The moon is what it is

We look for formless visions of ourselves in the
distance. But we haven’t found ourselves, not

even lost ourselves. Not yet. Between us is the
desert of halves. Is love more memorable when

it fails? More likely to last forever? I am told to
find bigger things to be grateful for: sperm,

geometry, the blue probability of a kingfisher. I
thank pain that fills fissures like wet cement so I can

wake up whole in the morning. It was happiness
that broke us when we weren’t looking. The

moon is what it is — a fiction of movement and
light. It is the sky that is unfaithful. Or the mind.

I make lists of small things, unclaimed things,
unproclaimed things: Quarter past two in the

afternoon, steamed rice, my name, uncertain,
sitting like a wingless crow upon a stranger’s lip.



In other February news, am delighted to be one of ten poets named by The Ekphrastic Review in their annual awards list. Very grateful to the editor, Lorette C. Luzajic. Do check out this brilliant platform if you read/write poetry in this genre. This award is for my poem, Corollary, which is on their site as well as in my book, Water to Water.

And if you haven’t read my first flash fiction piece yet, here’s the link. Let me know what you think. Better yet, share your flash fiction as well!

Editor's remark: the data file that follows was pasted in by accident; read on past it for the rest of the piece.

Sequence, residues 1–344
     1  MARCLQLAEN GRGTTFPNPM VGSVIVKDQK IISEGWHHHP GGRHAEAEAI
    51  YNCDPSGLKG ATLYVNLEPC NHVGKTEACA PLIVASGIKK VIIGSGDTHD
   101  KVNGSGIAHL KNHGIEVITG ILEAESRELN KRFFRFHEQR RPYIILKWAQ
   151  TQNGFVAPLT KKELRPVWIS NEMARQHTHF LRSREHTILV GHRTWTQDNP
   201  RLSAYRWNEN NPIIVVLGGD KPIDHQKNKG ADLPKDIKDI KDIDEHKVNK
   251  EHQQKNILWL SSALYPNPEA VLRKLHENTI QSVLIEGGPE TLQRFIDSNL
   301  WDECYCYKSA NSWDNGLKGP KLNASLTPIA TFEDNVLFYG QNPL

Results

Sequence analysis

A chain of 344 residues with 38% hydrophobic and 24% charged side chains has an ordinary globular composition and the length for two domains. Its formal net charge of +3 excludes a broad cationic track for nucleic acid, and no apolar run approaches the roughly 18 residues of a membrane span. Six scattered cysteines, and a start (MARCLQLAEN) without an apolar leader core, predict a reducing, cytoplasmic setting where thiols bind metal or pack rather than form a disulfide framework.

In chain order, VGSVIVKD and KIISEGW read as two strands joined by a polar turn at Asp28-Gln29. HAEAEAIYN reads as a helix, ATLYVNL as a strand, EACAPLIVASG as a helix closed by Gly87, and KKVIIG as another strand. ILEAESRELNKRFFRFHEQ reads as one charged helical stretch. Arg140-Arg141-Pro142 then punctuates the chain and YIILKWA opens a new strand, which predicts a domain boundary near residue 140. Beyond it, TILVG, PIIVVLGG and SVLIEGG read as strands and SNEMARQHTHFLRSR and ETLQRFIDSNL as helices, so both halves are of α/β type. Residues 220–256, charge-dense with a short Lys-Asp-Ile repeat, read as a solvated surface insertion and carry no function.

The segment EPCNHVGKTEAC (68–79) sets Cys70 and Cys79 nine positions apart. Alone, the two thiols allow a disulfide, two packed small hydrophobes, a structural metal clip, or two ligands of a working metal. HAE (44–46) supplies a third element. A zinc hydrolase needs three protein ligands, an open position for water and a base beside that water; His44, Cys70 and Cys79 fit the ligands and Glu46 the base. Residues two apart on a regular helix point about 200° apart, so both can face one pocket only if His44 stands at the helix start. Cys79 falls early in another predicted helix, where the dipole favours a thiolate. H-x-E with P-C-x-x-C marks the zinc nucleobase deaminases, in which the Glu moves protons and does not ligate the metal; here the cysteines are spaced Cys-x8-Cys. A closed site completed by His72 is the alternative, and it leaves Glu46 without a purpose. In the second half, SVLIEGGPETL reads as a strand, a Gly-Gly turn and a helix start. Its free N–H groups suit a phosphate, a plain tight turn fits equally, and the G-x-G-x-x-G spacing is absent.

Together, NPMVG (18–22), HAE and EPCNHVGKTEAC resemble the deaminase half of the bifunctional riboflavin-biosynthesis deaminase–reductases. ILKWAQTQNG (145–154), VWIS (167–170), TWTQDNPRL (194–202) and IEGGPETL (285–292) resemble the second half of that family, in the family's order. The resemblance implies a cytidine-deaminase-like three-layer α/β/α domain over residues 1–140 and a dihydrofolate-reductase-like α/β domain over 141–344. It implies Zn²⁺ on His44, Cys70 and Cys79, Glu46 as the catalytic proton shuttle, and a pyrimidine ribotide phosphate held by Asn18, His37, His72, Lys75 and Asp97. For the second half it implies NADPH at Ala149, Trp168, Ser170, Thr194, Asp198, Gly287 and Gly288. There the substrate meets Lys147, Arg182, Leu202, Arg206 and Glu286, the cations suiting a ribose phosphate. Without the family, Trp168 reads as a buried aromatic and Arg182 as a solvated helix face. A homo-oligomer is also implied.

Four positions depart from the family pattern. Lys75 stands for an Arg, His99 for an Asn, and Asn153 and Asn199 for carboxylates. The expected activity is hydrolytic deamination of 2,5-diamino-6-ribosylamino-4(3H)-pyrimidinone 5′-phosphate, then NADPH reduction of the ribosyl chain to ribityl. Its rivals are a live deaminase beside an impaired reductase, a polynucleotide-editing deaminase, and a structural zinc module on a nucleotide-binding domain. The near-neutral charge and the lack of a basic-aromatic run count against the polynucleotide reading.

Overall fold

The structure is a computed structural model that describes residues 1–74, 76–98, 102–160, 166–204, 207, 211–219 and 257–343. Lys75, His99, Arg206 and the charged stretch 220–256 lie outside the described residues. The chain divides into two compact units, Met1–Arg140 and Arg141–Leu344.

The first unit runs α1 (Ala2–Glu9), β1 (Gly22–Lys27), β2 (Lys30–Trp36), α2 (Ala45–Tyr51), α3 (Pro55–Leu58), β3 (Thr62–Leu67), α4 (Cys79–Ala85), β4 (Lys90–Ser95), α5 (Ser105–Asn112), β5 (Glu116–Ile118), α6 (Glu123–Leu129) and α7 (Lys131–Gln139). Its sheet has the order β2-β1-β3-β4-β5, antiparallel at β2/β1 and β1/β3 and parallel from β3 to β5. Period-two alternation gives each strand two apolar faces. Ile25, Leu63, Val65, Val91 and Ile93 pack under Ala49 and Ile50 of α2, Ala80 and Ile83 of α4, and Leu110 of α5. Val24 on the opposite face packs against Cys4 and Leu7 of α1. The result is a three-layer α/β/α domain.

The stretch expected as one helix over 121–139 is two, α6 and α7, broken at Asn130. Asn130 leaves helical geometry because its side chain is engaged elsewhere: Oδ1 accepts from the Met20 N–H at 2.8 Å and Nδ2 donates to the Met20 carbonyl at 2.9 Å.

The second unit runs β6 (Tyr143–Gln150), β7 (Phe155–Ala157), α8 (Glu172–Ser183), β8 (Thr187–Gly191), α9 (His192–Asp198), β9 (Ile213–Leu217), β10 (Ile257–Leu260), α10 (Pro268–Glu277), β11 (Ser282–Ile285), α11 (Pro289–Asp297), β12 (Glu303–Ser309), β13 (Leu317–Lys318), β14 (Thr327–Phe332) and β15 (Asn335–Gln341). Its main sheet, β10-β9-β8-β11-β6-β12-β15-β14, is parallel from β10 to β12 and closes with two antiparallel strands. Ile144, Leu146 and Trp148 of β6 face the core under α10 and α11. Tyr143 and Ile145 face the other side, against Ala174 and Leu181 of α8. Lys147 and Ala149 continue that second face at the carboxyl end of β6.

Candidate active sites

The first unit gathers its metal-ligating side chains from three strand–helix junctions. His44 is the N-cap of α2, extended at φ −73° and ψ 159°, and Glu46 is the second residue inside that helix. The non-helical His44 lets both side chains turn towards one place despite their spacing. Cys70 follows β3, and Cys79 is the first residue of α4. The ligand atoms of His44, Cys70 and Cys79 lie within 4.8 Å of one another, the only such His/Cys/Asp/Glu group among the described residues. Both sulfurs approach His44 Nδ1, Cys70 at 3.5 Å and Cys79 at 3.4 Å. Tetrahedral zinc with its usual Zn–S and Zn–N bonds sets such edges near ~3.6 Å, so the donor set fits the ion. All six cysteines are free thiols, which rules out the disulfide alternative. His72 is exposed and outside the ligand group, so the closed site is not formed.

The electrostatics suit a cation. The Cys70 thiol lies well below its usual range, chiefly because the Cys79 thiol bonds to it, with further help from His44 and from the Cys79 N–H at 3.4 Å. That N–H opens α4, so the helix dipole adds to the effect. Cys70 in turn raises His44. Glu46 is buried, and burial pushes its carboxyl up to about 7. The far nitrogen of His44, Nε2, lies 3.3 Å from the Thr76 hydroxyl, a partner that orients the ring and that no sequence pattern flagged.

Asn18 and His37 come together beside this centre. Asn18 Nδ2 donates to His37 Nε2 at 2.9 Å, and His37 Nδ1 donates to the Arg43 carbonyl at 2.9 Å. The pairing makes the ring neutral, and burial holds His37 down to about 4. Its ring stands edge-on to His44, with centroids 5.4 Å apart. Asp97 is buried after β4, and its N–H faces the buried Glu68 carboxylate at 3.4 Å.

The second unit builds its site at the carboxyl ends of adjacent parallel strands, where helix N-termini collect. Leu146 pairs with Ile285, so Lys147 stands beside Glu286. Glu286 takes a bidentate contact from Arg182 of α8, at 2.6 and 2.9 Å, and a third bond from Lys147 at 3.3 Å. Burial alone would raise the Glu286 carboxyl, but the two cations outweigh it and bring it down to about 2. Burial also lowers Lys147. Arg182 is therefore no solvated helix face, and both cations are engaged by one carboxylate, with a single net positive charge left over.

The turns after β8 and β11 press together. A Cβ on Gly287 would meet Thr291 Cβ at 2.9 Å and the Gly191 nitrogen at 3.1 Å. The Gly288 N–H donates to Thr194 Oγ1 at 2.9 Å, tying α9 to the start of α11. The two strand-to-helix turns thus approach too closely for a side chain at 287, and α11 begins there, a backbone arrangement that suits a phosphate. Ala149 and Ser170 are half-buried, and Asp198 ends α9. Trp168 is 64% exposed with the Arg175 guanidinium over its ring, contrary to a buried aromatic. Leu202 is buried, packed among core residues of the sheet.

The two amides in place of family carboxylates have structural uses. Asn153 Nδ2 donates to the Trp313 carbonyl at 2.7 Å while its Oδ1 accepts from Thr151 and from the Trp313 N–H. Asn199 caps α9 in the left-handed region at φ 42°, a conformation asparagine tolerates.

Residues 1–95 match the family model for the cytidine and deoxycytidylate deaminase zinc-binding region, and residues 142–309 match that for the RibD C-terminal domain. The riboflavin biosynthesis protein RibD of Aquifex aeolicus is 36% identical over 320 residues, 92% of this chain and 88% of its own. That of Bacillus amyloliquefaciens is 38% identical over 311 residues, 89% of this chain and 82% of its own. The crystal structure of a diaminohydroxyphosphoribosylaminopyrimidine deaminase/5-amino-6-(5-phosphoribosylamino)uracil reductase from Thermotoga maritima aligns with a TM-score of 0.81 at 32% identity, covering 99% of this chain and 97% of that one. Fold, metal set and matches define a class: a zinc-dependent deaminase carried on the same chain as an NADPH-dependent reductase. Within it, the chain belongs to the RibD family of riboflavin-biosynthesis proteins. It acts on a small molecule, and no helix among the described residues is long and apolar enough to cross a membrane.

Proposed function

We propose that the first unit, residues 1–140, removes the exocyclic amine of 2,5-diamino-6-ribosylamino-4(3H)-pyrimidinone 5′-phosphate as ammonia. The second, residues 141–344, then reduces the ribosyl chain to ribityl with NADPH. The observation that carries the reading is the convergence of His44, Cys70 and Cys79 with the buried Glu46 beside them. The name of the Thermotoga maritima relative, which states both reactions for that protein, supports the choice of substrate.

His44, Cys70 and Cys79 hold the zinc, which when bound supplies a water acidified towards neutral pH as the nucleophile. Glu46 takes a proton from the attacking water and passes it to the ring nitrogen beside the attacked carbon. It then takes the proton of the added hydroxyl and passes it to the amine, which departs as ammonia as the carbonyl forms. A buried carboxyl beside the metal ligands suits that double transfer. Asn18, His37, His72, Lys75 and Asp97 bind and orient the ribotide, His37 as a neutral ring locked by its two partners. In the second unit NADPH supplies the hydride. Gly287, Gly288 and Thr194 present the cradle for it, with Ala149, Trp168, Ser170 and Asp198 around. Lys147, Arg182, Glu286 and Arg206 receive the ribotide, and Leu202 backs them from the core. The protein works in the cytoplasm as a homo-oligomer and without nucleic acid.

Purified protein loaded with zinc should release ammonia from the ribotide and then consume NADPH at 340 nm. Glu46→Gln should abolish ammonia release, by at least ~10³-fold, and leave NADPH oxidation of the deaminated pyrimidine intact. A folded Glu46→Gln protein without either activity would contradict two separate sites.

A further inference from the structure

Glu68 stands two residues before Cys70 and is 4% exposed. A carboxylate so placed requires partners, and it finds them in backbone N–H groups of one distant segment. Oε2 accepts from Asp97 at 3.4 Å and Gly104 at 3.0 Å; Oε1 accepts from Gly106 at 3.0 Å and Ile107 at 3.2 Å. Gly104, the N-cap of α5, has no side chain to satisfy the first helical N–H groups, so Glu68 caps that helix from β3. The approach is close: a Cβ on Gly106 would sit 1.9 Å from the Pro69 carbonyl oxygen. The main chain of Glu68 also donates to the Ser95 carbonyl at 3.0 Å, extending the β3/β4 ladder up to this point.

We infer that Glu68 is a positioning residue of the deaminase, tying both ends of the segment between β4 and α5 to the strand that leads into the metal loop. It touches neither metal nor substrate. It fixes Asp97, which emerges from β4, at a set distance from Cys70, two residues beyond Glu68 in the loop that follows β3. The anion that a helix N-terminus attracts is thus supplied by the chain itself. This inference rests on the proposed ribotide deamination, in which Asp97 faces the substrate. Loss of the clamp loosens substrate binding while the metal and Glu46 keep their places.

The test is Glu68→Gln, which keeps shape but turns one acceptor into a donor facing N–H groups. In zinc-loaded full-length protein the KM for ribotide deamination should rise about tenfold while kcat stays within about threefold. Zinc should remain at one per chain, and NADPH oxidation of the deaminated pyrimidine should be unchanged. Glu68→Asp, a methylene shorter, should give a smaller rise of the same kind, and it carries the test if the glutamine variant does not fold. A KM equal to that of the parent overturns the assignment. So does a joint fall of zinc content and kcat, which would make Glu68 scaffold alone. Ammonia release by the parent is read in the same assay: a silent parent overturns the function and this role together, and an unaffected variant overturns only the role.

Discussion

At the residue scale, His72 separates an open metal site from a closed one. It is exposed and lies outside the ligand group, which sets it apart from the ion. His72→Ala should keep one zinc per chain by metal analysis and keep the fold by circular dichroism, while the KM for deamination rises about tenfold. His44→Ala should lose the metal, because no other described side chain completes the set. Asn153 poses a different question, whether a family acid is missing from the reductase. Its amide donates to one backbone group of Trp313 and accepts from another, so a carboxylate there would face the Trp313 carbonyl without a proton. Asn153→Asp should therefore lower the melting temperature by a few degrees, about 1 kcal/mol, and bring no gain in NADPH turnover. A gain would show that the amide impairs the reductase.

There are mornings, more mornings
now, when I try to separate love from
myself. I describe my face to the silence
as a stranger would, to another, after
a brief encounter. I describe my love
to the mirror as a bird would explain
light to another, in the dark. I describe
our time together as a fish would
talk of wetness to another, not knowing.
Your fingers comb through the lines,
trying to distinguish reason from craft.
But a poem is only a corollary. A
consequence that has subsumed its
cause. The glass in our window is
neither inside nor out. The sky becomes
a sky only when we look up. You
describe distance to me as a road would
to another, as a beginning or ending.

The Kiss, by Edvard Munch (Norway) 1897.


Published today in The Ekphrastic Review. Many thanks to the editor, Lorette C. Luzajic


Physics Will Not Have It

Woman in an Interior, by Vilhelm Hammershoi (Denmark). 1909.

To be like glass, throwing patterns of light instead of dark
shadows, pools of daytime art in infinite detail, every

filigreed ripple of love and fear and guilt and torment, the
excruciating minutiae of the broken heart spilt on hardwood

floors and asphalt roads, climbing brick walls into dimensions
we dare not dream of; but physics will not have it, physics

was born before love, what does it know of spaces with no rules,
of pain, keeping us tethered to the earth while the sky whispers

urgently each dawn; by noon I am reading the murky shapes
like tea leaves, trying to find tomorrow in whatever is left

behind, by dusk, the blur stains the window, the corners are
drawn one by one into the centre, by then, by then, it is too late.


Thank you Lorette C. Luzajic, for publishing my poem at The Ekphrastic Review.

Sin Collector


Still Life with Five Bottles: Vincent van Gogh


Collecting sins in old bottles, the days reach out and drop them
in like pebbles, still smelling of fond river beds. Yesterday, it was

the temptation of an improbable love, too big to fit into that
slim hipped flask, but sin is pliable, twists and changes as it is

gathered, as we change its name, change its colour, make it